The price of freedom

Thoughts on leadership and responsibility using the example of TELE Haase Steuergeräte Ges.m.b.H.

Have you ever heard of TELE’s products? No? But the portfolio developed and produced in Vienna is certainly presentable.

TELE is a family-run SME from Vienna, which has been successfully selling electronics in almost 60 countries around the world for almost 60 years. In our niche we are the famous Austrian Hidden Champion with high product quality “Made in Austria”. Sounds great, but hardly anyone knows you like this, because “hidden” doesn’t just happen.

Over the last seven years, TELE has gained more recognition in the Central European region for its new way of organizing companies and is a pioneer in the development of new concepts, such as cooperation, working time organization, etc. Working at TELE means a great deal of freedom and space for design. The feeling of constant experimentation accompanies many employees. Just like James Dyson needed 5127 iterations for his cyclone vacuum cleaner until it was ready for the market, only that Tele is all about people working together.

When I introduced myself at an event some time ago and named my employer, I was euphoric “TELE Haase?!?!! My heroes!!!” was euphoric. I had to smile, because in fictional heroes from Superman to Batman, there is always a conflict and a heaviness at the moment of action and the success at the end makes the hero a hero and creates a myth through transfigured stories. In the following I would like to give an insight into the world of leadership and responsibility in a rapidly changing world by means of TELE.

Companies are structured hierarchically

Information and decisions are passed on from top to bottom and vice versa. The higher the level of the hierarchy, the more responsibility and thus remuneration. The concept has certainly been confirmed and has worked for centuries.

In the 1980s, the world began to change due to increased digitalization and, at the latest with the networking of the world through the Internet in the 1990s, the classic organizations began to crumble and matrix organizations awoke everywhere. Working environments changed. Employees and managers “suddenly” had higher expectations of companies. Why is that? It worked so well. Just because of a few computers? In fact, the knowledge of mankind was suddenly more directly available to many more people. The information monopoly of managers was broken. Through more knowledge the simple worker or employee has to make decisions for his work himself, even improve his own work. The leadership and responsibility of oneself was thus democratized to a certain extent.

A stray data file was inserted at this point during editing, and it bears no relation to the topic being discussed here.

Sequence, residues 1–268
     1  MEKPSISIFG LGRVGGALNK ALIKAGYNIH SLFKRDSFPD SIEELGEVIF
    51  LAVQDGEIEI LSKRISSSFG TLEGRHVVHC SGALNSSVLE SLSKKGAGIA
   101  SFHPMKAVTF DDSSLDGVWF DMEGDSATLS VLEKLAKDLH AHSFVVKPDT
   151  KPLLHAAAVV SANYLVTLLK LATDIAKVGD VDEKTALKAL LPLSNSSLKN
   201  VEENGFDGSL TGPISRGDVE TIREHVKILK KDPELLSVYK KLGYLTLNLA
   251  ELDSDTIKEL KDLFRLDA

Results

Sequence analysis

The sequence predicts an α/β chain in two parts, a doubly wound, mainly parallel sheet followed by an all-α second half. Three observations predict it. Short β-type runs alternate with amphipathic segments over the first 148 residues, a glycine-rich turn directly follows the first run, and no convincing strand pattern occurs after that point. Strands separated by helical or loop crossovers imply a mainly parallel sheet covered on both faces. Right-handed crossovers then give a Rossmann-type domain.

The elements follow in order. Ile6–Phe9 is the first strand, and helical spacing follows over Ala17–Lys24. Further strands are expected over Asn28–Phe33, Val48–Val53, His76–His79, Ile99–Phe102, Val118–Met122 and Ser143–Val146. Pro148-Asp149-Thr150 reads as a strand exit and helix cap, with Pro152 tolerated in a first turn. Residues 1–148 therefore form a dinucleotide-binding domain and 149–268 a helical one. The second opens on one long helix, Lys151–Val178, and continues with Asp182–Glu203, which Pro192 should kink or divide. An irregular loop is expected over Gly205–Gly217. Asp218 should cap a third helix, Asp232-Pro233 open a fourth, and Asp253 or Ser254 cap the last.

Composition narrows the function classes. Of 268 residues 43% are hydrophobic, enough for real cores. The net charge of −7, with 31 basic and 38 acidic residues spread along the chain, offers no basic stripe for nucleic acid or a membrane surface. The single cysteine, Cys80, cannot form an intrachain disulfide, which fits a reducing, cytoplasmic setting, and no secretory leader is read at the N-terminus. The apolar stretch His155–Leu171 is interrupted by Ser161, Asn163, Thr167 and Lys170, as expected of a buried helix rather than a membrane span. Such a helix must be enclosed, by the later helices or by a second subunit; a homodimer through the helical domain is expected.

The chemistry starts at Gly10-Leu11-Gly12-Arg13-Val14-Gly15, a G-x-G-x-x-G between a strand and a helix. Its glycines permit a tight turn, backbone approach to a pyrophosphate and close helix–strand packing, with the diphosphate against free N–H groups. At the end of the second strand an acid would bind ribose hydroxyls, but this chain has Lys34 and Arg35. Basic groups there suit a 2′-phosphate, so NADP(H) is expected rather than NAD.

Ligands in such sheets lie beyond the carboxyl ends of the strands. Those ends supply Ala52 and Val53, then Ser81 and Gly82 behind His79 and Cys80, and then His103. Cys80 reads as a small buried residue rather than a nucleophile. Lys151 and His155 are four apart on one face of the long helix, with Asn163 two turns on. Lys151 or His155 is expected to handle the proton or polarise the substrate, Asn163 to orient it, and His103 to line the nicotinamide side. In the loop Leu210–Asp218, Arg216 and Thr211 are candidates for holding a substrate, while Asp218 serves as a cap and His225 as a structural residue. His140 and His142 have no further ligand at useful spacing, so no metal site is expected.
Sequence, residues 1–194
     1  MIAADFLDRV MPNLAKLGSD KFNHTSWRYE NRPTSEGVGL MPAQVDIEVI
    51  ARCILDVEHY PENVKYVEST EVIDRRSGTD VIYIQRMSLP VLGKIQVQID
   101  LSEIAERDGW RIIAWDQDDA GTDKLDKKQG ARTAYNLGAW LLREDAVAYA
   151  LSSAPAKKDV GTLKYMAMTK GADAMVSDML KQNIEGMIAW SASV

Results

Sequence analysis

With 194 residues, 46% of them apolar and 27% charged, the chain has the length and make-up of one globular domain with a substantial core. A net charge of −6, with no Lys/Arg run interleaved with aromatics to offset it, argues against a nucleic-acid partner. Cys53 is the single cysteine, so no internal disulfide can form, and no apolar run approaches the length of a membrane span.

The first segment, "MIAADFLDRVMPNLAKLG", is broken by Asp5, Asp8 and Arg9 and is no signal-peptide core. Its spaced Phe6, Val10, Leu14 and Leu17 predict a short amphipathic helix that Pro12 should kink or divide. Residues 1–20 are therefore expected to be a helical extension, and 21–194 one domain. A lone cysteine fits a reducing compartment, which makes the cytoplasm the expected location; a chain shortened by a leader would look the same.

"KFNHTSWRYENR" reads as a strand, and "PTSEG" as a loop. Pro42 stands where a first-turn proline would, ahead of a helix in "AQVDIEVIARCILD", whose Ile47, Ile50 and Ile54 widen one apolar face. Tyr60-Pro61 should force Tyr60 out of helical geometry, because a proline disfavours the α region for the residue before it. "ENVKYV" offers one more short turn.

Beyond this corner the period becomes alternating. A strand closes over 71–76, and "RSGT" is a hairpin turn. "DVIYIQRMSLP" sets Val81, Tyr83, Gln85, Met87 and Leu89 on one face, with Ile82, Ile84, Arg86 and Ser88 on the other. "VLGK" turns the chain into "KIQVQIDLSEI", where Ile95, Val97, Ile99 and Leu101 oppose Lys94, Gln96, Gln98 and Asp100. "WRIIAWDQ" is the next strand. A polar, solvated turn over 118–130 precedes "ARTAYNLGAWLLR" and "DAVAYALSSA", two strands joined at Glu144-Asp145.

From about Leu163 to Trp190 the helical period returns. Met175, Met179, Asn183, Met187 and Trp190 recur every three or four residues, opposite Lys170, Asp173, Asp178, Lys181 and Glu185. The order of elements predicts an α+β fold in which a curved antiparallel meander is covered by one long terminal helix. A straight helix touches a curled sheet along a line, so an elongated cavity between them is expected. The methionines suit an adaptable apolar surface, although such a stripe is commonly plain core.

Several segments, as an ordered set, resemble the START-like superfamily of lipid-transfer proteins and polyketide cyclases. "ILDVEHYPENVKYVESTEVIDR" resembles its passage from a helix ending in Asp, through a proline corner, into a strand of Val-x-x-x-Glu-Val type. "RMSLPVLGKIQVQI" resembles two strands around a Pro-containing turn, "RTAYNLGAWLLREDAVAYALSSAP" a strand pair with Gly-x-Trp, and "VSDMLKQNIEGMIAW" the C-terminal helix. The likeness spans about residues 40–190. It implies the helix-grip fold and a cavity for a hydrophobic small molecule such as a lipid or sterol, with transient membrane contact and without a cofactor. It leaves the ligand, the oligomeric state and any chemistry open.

Nevertheless, existing structures, which still generate income and keep the owners happy, cannot be dismantled so easily.

TELE has decided to go a different way

Christoph Haase and Markus Stelzmann had a simple thought: They constantly make decisions of which they as managing directors and owners were not the experts in detail and the effects always concerned others.

What would happen if employees made decisions for themselves and the company and thus took on leadership and responsibility?

The simple answer is that they would have to demonstrate all leadership and management skills like an entrepreneur – at least in their sphere of influence within the company. Three essential framework conditions have been created for this purpose:

  1. every employee receives all information about the company
  2. every employee is given the opportunity to participate and take responsibility for the company.
  3. traditional management structures were abolished and replaced by committees (and more recently circles). The members of these committees are elected.
What do you think has happened? Exactly. Some employees did not want that much responsibility at all. Others were afraid of the wealth of information and full economic transparency. The loss of the familiar structures that had been in place for decades created uncertainty. It is difficult to find employees who want to take responsibility and help shape the company. Employees who saw themselves as classic managers no longer wanted to work on content. As a result, about 30 percent of the workforce left the company in the years following the radical change.
The remaining employees have learned a lot. Nevertheless, it is a constant challenge to keep the company running. They are regularly outside their comfort zone.

The price of freedom to design is that you have to do it!

Take action?

You can rightly argue here that not everyone is suitable for entrepreneurship. At the moment, not even the majority is, in my opinion.

Nevertheless, owners, directors, managers, etc. are often criticized by ordinary employees. They have no idea what it means to do the hard work. They only exploit employees. This is no longer articulated as radically as in earlier labor movements, but it resonates in the argumentation of employees and is often lived out, for example, on both sides through the status symbol “car”. Who has the most expensive, largest or most prestigious vehicle in the parking lot and what was their contribution?

My appeal goes out to all ordinary employees to continue to be critical, but still to put themselves in the position of people with responsibility and leadership in the company, or even better, to take responsibility themselves and lead the company! More freedom guaranteed! The rest too.